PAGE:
Aspirin Lowers Risk for Ovarian and Hepatocellular Carcinoma

SUMMARY: Aspirin (AcetylSalicylic Acid) has been studied as a chemopreventive agent for several decades and the temporal relationship between systemic inflammation and cancer has been a topic of ongoing investigation. The US Preventive Services Task Force (USPSTF) found adequate evidence that Aspirin use reduces the incidence of ColoRectal Cancer (CRC) in adults after 5-10 years of use, and recommends initiating low-dose Aspirin use for the primary prevention of CardioVascular Disease (CVD) and ColoRectal Cancer (CRC) in adults aged 50-69 years, who have a 10% or greater 10-year CVD risk, are not at increased risk for bleeding, have a life expectancy of at least 10 years, and are willing to take low-dose Aspirin daily for at least 10 years.MOA-of-ASPIRIN

The molecular mechanisms underlying Aspirin’s chemoprevention effects as well as the dose, duration, and timing of Aspirin chemoprevention have remained unclear. More recent data suggests that platelets may play a role in tumorigenesis as well, through the release of angiogenic and growth factors due to overexpression of COX-2. Daily low dose Aspirin inhibits COX-1 and COX-2. It is postulated that Aspirin also works by COX-independent mechanisms such as, the inhibition of NF-kB and Wnt/ β-catenin signaling, which may play a role in its chemopreventive properties.

Two recently published studies examining different doses of Aspirin in different cancers, highlight the beneficial role of Aspirin in reducing cancer risk.

The first report is a large prospective study which attempted to reproduce findings from case-control studies that reported lower Ovarian cancer risk among low-dose Aspirin users. This prospective study evaluated whether regular Aspirin or nonaspirin NonSteroidal Anti-Inflammatory Drug (NSAID) use and patterns of use was associated with lower risk of Ovarian cancer. This cohort study analyzed NSAID use and Ovarian cancer diagnosis data on 205,498 women from 2 prospective cohorts; 93 664 women in the Nurses’ Health Study (NHS), who were 93% non-Hispanic white, with a mean age at baseline of 46 years, followed up from 1980 to 2014, and 111834 women in the Nurses’ Health Study II (NHSII), who were 92% non-Hispanic white, with a mean age at baseline of 34.2 years, followed up from 1989 to 2015. For each analgesic type (Aspirin, low-dose Aspirin, nonaspirin NSAIDs, and Acetaminophen), timing, duration, frequency, and number of tablets used were evaluated, and information was updated every 2-4 years.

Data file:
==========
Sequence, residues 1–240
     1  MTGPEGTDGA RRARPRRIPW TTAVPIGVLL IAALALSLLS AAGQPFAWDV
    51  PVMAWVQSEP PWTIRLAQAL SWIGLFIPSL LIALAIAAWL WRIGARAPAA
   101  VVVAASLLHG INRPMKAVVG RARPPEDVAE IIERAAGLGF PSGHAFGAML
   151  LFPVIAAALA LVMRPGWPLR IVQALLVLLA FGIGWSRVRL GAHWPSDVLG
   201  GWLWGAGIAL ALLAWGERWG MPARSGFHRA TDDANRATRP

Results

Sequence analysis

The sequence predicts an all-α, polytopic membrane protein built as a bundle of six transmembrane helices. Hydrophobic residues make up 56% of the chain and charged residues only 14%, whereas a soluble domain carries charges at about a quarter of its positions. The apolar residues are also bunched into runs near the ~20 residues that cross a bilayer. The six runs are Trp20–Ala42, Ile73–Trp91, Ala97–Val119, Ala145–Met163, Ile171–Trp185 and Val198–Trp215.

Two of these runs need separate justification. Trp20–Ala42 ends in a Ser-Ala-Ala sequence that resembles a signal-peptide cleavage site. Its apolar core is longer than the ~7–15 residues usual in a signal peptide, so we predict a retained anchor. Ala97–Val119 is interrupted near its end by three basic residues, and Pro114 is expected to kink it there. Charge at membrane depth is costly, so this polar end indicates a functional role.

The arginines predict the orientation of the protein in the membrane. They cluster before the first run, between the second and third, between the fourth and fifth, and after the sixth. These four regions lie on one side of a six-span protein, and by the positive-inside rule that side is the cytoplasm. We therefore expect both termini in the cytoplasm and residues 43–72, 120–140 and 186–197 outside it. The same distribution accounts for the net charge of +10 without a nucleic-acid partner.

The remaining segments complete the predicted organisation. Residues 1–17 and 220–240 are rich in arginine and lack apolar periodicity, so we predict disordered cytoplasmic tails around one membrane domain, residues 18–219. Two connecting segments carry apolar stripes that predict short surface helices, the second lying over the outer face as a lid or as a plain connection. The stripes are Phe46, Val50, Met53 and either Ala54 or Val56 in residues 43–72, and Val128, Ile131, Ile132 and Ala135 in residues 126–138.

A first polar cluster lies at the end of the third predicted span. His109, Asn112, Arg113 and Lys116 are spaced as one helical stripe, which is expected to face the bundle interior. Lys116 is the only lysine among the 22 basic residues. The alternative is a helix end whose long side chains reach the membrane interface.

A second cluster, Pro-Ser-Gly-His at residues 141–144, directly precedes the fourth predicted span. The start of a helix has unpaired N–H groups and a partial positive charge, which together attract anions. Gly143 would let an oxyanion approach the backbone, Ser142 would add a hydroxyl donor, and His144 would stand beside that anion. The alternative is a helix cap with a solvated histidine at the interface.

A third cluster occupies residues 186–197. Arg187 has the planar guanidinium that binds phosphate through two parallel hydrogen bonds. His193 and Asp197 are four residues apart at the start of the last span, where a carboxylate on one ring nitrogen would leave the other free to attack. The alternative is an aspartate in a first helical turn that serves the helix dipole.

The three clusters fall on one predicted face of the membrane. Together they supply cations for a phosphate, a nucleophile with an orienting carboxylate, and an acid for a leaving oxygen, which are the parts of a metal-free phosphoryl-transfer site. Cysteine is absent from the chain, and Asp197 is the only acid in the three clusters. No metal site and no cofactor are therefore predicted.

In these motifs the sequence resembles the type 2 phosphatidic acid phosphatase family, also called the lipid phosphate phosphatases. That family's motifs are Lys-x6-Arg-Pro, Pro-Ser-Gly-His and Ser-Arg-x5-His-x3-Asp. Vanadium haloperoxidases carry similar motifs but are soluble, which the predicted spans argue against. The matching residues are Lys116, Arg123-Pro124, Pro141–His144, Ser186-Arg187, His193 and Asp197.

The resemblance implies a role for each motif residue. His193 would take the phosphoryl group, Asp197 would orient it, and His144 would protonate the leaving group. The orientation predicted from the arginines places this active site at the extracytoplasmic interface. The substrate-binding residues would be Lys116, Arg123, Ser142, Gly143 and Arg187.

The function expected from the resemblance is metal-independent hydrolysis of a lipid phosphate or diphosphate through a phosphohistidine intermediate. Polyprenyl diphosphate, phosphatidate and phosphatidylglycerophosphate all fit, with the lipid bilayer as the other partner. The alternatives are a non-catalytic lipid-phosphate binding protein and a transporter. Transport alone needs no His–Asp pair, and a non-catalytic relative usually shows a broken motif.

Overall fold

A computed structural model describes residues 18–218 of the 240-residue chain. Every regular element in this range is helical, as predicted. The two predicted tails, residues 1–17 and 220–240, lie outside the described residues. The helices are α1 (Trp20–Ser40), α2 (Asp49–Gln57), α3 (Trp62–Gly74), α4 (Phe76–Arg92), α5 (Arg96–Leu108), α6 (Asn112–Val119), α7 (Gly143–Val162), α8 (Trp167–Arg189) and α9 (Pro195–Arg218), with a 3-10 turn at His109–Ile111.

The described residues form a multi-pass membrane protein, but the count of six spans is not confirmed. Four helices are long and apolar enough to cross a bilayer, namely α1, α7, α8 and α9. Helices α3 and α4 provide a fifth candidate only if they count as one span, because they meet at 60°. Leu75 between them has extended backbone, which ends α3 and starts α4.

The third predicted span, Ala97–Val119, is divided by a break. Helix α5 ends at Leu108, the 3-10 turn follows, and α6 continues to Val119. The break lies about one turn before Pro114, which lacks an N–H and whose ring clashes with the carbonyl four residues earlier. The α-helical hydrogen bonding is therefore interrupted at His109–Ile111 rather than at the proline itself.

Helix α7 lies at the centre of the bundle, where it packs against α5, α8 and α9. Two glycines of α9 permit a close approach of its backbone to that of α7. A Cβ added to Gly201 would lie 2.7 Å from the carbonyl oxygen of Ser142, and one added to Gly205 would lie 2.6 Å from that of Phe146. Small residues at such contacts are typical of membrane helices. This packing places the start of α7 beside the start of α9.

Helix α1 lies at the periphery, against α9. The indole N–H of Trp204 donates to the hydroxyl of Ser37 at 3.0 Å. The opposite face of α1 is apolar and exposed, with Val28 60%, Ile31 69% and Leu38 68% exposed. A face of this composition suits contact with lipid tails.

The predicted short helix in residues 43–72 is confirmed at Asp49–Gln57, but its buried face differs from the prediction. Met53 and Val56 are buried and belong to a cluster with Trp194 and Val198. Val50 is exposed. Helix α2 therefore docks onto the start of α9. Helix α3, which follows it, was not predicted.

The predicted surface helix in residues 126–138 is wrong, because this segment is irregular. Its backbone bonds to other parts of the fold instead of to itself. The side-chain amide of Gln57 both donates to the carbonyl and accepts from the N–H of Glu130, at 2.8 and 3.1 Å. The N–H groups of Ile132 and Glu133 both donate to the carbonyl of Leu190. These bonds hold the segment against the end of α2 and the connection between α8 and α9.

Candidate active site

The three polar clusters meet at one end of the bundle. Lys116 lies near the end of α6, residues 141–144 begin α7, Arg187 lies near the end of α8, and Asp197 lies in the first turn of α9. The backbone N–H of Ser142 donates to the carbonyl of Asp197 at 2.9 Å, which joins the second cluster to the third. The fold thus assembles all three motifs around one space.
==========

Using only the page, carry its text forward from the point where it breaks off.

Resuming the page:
It was noted that among both cohorts, there were 1054 women who developed epithelial Ovarian cancer. Recent use of low-dose Aspirin (100 mg or less) was associated with a lower risk of Ovarian cancer (HR=0.77), whereas there was no such association noted with standard-dose of 325 mg Aspirin (HR=1.17). The associations between Aspirin use and risk of Ovarian cancer did not differ among premenopausal versus postmenopausal women. This study also suggested that use of non-aspirin NSAIDs, such as Ibuprofen and Naproxen, when taken in quantities of at least 10 tablets per week for multiple years was positively associated with an increased risk of Ovarian cancer. There was however no clear associations for the use of Acetaminophen.

The authors concluded that consistent with case-control studies, this prospective analysis showed a reduced risk of Ovarian cancer among regular users of low-dose Aspirin and an increased risk of Ovarian cancer with the use of nonaspirin NSAIDs. These findings suggest that low-dose Aspirin recommended for cardiovascular prophylaxis and ColoRectal Cancer risk reduction can also reduce the risk of Ovarian cancer.

The second report is another large prospective study which analyzed the data on the risk of HepatoCellular Carcinoma (HCC) within 2 populations of a total of 133 371 health care professionals who self reported use of Aspirin. In this pooled analysis, 87 507 were women, with a mean age was 62 years, and 45 864 were men, with a mean age of 64 years. Women reported data biennially since 1980 and men since 1986, on frequency, dosage, and duration of Aspirin use, and data were accessed from November 2017 through March 2018. Individuals with a cancer diagnosis at baseline (except nonmelanoma skin cancer) were excluded.

The researchers noted that regular Aspirin use of 2 or more standard dose 325 mg tablets per week was associated with a 49% reduction in risk of HCC (adjusted HR=0.51) compared to non regular use. This benefit was dose-dependent with the greatest benefit among those taking more than 5 tablets per week (P for trend =0 .006). Further, significantly lower risk for HCC was observed with increasing duration of Aspirin intake (P for trend =0.03), with this decreasing risk noted with the use of 1.5 or more standard-dose Aspirin tablets per week for 5 or more years (adjusted HR=0.41). The use of nonaspirin NSAIDs however was not significantly associated with HCC risk.

The authors from this study concluded that regular and long-term use of standard dose (325 mg) Aspirin, taken at least 2 or more times per week is associated with a dose-dependent reduction in HCC risk, which is apparent after 5 or more years of use.

Taken together, these 2 studies provide the evidence supporting the ability of regular use of Aspirin to prevent Ovarian cancer and HepatoCellular Cancer (HCC). Aspirin is rapidly emerging as a valuable chemoprevention agent for various malignancies.

Association of Analgesic Use With Risk of Ovarian Cancer in the Nurses’ Health Studies. Barnard ME, Poole EM, Curhan GC, et al. JAMA Oncol. 2018;4:1675-1682.

Association Between Aspirin Use and Risk of Hepatocellular Carcinoma. Simon TG, Ma Y, Ludvigsson JF, et al. JAMA Oncol. 2018;4:1683-1690